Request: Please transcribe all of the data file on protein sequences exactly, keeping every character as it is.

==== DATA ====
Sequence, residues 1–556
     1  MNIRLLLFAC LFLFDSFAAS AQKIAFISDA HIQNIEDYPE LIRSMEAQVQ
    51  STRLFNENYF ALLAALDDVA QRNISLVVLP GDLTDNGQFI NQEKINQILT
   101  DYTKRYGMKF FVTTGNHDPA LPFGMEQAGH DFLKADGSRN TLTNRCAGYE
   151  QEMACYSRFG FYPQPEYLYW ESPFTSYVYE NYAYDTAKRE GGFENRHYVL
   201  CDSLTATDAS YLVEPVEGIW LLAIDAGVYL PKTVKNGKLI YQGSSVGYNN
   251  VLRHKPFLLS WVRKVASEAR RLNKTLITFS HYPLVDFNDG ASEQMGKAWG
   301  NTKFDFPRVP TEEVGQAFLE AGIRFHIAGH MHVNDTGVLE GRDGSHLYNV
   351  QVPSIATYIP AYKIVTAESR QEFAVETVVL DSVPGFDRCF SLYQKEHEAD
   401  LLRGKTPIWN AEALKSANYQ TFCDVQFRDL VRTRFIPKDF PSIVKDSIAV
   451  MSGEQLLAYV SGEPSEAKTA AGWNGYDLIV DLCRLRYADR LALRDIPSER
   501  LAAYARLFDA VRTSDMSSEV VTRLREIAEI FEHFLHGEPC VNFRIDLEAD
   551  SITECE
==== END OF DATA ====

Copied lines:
Sequence, residues 1–556
     1  MNIRLLLFAC LFLFDSFAAS AQKIAFISDA HIQNIEDYPE LIRSMEAQVQ
    51  STRLFNENYF ALLAALDDVA QRNISLVVLP GDLTDNGQFI NQEKINQILT
   101  DYTKRYGMKF FVTTGNHDPA LPFGMEQAGH DFLKADGSRN TLTNRCAGYE
   151  QEMACYSRFG FYPQPEYLYW ESPFTSYVYE NYAYDTAKRE GGFENRHYVL
   201  CDSLTATDAS YLVEPVEGIW LLAIDAGVYL PKTVKNGKLI YQGSSVGYNN
   251  VLRHKPFLLS WVRKVASEAR RLNKTLITFS HYPLVDFNDG ASEQMGKAWG
   301  NTKFDFPRVP TEEVGQAFLE AGIRFHIAGH MHVNDTGVLE GRDGSHLYNV
   351  QVPSIATYIP AYKIVTAESR QEFAVETVVL DSVPGFDRCF SLYQKEHEAD
   401  LLRGKTPIWN AEALKSANYQ TFCDVQFRDL VRTRFIPKDF PSIVKDSIAV
   451  MSGEQLLAYV SGEPSEAKTA AGWNGYDLIV DLCRLRYADR LALRDIPSER
   501  LAAYARLFDA VRTSDMSSEV VTRLREIAEI FEHFLHGEPC VNFRIDLEAD
   551  SITECE